I read A. O. Smith's article in the NY Times a few days ago on what films to take your kids to. Refreshingly, he is of the opinion that many "adult" films are more challenging and interesting for kids (after parental judgment, of course, is exercised) than the majority of "kid's films." In fact, he quotes his daughter commenting on Enchanted as having "no surprises." I am inclined to agree.
Taking his advice, the D. and I went to see Persepolis (City of Persians), the story of an Iranian girl who grew up just before and during the Iranian revolution, an animated feature based on Marjane Satrapi’s graphic novel, and directed by her and Vincent Paronnaud. [image:Marjane defies some traditions in "Persepolis." (Sony Pictures Classic)]
In French with English subtitles (note to those of a certain age, like me: don't sit too far, they're hard to read,) this is an engrossing and vividly portrayed story of Marjane, roughly between the ages of eight and twenty. She is born in pre-revolutionary Iran, with a politically active set of family and friends, many of whom who are Communists. And many of whom fall prey to the revolution's harsh policies. After one too many deaths, her parents send her to Vienna as a teenager, where she stays until a failed love affair depresses her enough to return to Iran --- quite a metaphor in itself, and unsentimentally portrayed.
Almost all in black-and-white (the few color shots are in Vienna or Paris,) the animation is stunning in its evocative imagery, using the figure-ground dichotomy to maximum advantage as images dissolve and coalesce from one to another. Nothing is particularly graphic, including the powerful imagery when Marjane notes that thousands of political prisoners were given a stark choice: vow allegiance to the regime or be executed; most were executed, she continues, as the white stylized heads of the black-and-white prisoners topple from their bodies.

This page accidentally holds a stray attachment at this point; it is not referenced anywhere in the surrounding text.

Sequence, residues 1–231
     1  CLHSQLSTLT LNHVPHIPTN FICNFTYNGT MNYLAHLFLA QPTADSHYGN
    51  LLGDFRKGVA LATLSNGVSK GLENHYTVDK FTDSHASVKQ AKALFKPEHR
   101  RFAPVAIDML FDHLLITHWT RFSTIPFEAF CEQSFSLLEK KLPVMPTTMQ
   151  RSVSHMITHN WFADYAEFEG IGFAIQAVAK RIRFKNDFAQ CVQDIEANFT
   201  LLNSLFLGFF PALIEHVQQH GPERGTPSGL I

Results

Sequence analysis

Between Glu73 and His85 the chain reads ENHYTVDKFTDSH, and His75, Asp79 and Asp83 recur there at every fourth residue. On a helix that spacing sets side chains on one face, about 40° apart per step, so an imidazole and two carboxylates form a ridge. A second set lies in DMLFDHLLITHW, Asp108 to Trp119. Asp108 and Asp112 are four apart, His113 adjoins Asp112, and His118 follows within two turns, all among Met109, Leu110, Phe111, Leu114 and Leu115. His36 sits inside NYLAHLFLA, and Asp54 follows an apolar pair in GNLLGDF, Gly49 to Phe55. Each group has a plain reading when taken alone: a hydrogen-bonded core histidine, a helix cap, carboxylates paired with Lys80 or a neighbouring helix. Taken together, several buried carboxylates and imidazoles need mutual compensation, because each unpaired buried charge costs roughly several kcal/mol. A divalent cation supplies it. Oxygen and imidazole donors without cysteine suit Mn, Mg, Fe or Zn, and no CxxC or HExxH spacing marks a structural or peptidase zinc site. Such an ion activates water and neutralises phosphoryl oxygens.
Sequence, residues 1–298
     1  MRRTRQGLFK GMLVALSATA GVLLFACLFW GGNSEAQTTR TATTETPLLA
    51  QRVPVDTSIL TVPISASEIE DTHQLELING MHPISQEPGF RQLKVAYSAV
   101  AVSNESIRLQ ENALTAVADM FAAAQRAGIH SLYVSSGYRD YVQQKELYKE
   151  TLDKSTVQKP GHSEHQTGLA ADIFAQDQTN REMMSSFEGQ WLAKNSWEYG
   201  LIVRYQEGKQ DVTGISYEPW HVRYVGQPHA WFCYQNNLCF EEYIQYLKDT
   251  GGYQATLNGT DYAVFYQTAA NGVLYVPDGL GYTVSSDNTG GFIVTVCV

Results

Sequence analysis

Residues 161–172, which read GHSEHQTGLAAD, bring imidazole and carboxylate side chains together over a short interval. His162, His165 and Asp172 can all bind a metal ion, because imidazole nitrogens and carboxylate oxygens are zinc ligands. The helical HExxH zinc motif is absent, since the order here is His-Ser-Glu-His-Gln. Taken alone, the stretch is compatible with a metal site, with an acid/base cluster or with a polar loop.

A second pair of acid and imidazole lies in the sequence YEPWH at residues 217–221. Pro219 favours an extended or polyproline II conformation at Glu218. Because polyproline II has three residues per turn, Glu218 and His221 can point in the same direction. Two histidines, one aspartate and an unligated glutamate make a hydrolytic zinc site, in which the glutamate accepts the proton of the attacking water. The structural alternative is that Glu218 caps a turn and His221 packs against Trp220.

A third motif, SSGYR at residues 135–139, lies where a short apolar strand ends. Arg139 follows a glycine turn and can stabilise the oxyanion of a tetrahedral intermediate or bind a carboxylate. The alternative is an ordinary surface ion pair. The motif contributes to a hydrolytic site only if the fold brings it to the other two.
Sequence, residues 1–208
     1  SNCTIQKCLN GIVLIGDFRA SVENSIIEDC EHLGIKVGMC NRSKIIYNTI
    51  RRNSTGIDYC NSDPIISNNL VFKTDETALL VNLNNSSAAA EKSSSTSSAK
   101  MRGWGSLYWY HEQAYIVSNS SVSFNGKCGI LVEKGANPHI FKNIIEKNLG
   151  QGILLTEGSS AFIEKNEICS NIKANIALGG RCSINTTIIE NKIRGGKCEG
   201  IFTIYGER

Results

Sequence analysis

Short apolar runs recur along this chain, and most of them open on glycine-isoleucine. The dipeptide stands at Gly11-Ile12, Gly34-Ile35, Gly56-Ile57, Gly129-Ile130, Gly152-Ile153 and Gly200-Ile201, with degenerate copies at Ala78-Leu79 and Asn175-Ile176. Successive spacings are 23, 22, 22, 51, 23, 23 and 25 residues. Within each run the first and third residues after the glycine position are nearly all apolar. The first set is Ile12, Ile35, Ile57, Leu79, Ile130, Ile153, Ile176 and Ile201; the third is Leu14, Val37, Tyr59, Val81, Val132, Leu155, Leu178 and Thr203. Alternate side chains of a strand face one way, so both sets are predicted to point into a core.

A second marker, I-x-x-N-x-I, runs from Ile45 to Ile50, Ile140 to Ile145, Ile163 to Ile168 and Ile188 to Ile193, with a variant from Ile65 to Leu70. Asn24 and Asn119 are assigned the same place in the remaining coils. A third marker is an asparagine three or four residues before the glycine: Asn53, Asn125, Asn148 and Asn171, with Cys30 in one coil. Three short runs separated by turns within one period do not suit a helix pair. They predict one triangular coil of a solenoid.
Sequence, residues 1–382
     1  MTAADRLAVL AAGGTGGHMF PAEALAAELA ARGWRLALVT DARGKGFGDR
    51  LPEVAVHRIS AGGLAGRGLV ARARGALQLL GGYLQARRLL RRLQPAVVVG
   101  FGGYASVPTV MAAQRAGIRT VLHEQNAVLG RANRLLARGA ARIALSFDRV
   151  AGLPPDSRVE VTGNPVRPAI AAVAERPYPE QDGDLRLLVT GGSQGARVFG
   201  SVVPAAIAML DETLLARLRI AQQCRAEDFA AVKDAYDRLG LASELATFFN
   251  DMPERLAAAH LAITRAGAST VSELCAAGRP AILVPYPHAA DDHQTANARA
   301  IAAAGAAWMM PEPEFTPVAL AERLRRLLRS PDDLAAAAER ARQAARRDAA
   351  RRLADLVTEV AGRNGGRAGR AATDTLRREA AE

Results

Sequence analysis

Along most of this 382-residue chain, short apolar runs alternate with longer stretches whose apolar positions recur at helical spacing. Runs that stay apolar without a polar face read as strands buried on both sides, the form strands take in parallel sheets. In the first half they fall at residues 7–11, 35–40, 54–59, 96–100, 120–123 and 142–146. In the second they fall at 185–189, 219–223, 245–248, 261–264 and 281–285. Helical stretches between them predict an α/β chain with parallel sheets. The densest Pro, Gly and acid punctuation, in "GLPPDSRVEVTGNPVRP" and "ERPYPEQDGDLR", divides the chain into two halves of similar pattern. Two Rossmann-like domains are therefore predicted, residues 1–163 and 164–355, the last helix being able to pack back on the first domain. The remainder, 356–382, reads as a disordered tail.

The day-to-day incidents of life in Iran are chilling: Marjane, never one to toe the line, seems to invite trouble wherever she goes. Police watch her as she surreptitiously holds the hand of her lover; two busybody women assail her for wearing a T-shirt with a "Punk is not dead" slogan (little knowing that she has just bought a banned Iron Maiden CD;) armed police raid a party where the disaffected urban types she hangs out with are drinking and dancing (both illegal activities,) resulting in the death of one of her friends when he flees over the rooftops.
As a primer to Iran's recent tumultous history, particularly for kids, Persepolis has a lot going for it; while it is one person's viewpoint without any pretense of objectivity, it shows clearly the result of turning over a country to religious radicals. The level of control that the revolutionaries impose is total and stultifying. Noting that even playing cards are considered heretical, D. said "anything fun was banned, wasn't it?" Yes, and much more. Of the many contradictions shown, the women are forced to wear the chador, and have their rights curtailed but apparently still allowed to smoke in public.
A unique film. Sad and funny, emotion-laden but unsentimental, richly formatted yet simply-drawn and uncluttered.
And the implications of a state-sanctioned religiosity should particularly resonate as the Republicans consider nominating Mr. Huckabee, that most overtly religious of their candidates.